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Monday, January 20, 2003

Peggy Noonan on the Democrats and Abortion.

I think she has this part of the issue nailed:

The Democratic Party, in contrast, has exhausted its great reasons for being, having achieved so many of them during the past 75 years. The Democrats often seem like the Not Republican Party, no more and no less. It is composed not of allied groups in pursuit of the same general principles but warring groups vying for money, power, a louder voice, the elevation of their particular cause.

The one thing they agree on, that holds them together and finances their elections, is abortion. The abortion-rights movement packs huge clout in the party; it can make or break a candidacy with contributions and labor and support. It has such clout that at the 1992 Democratic convention the party wouldn't even let Gov. Bob Casey of Pennsylvania, a popular liberal from a state with 23 electoral votes, give an afternoon speech. He was officially a nonperson at his party's convention because he was pro-life. The Republicans, on the other hand, still have arguments over abortion. Whether pro- or anti-, it is understood you are not banned from a convention podium on that basis. The Republicans can still have a conversation, albeit with occasionally loud voices. But better a loud voice than no voice at all.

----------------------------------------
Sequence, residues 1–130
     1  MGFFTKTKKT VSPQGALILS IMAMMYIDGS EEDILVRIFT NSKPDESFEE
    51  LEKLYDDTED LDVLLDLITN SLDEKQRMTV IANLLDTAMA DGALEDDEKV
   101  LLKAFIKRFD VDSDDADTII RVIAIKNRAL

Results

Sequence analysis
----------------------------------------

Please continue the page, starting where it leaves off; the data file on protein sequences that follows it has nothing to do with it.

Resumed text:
[Link via Amy Welborn.]

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